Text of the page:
A brief overview of my tiny electronics lab which is more like a corner in a room than a lab. I could say the philosophy of my lab is similar to my desings – keeping it compact as well as minimal and tidy when possible. Many electronics hobbyists are hoarders, having lots of old, broken, and excess stuff “just in case” there would be a need for all that one day. I used to be more like that as well but moving abroad forced me to save only the necessities. While I have started re-collecting things, I do try to stick with the “do I really need this?” thinking.
Multi-functional instruments are excellent when trying to keep the lab compact. PC-controlled instruments can also be useful and good enough for occasional use.
Oscilloscope: Keysight MSOX3104T
The king of my lab. I could never afford such scope but I won it on Keysight Scope Month raffle in 2016. It is a superb piece of kit for a small lab due to extensive features:
- 1 GHz mixed-signal oscilloscope with 8.5″ touchscreen, 5 GSa/s sample rate, 1M waveforms/s update rate, and full software options bundle – all in a compact package
- Four 1 GHz analog channels
- 16 digital channels
- 20 MHz arbitrary waveform generator
- 3-digit digital voltmeter and 8-bit counter
- I2C, I2S, SPI, RS232/422/485/UART, CAN, etc. decoders
- Few other extra software options
With full software bundle this is basically a high-bandwidth (for non-RF use) oscilloscope, logic analyser with serial decoders, and simple waveform generator in one device.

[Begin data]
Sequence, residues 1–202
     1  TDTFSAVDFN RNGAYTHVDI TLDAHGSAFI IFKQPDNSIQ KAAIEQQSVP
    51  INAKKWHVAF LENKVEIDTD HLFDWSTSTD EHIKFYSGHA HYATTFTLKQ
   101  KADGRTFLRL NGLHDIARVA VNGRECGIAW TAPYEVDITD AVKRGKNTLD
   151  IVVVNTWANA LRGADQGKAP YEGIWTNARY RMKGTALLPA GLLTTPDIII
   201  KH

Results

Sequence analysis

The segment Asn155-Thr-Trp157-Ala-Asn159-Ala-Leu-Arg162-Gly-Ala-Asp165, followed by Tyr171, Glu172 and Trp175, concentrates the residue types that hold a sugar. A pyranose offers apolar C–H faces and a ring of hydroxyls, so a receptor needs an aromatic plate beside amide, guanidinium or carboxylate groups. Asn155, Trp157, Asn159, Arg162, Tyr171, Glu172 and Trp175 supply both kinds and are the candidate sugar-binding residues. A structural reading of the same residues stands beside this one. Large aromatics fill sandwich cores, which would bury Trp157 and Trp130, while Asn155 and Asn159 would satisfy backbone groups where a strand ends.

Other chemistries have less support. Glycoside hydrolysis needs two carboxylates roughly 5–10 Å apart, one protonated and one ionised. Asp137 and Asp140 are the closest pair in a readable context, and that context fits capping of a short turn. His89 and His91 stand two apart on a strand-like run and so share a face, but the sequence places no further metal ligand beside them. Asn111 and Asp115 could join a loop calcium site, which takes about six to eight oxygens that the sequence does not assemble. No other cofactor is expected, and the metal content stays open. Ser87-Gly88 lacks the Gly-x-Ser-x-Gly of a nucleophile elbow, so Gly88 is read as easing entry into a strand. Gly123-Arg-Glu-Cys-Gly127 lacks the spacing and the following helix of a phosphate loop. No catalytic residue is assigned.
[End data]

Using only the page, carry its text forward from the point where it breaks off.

PSU: Keysight E36312A
Solid bench PSU from a reputable manufacturer but has had some bugs as this is still very new model. Some of them have been addressed in firmware updates already, hopefully the rest will follow.
- Triple output (linear) bench power supply
- 2x 0-25 V / 1 A
- 0-6 V / 5 A
- Main terminals on front, rear terminals with sense lines
- Extensive I/O with USB, GPIB, and LAN
- Logging, sequencing, series/parallel settings, and various bells and whistles in terms of software features
Again a freebie from Keysight, this time not from a raffle but “Power Up Your Bench” contest. Needless to say, I really recommend attending Keysight contests and raffles!
PSU: Rigol DP832
This I have bought myself before I got the Keysight PSU. Basic functions are similar to Keysight but it misses some of the fancier software stuff although some can be bought as software options (or hacked…). Rigol does provide more power than Keysight, in fact triple the current on two main outputs. This is my PSU suggestion for a hobbyist, very good value for money compared to more “pro” brands. This model also has had quite some issues in the beginning, both hardware and software, but they have been fixed by now – check this if buying a second hand unit. EEVBlog have several videos regarding these issues.
- Triple output (linear) bench power supply
- 2x 0-30 V / 3 A
- 0-5 V / 3 A
- Extra software options such as higher resolution readings, trigger I/O, monitor and analysis, RS232 and LAN – but as Rigol scopes this is also hackable which may interest hobbyists.